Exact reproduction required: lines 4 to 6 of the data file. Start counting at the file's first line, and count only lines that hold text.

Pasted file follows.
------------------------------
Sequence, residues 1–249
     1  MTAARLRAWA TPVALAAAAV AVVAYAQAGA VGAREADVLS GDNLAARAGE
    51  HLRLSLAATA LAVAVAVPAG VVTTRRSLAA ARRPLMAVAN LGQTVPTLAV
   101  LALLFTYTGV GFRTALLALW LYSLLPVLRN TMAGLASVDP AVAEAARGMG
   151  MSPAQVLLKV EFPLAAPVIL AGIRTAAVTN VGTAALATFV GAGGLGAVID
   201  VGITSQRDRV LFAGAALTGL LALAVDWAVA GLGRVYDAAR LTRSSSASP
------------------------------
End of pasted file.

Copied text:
   101  LALLFTYTGV GFRTALLALW LYSLLPVLRN TMAGLASVDP AVAEAARGMG
   151  MSPAQVLLKV EFPLAAPVIL AGIRTAAVTN VGTAALATFV GAGGLGAVID
   201  VGITSQRDRV LFAGAALTGL LALAVDWAVA GLGRVYDAAR LTRSSSASP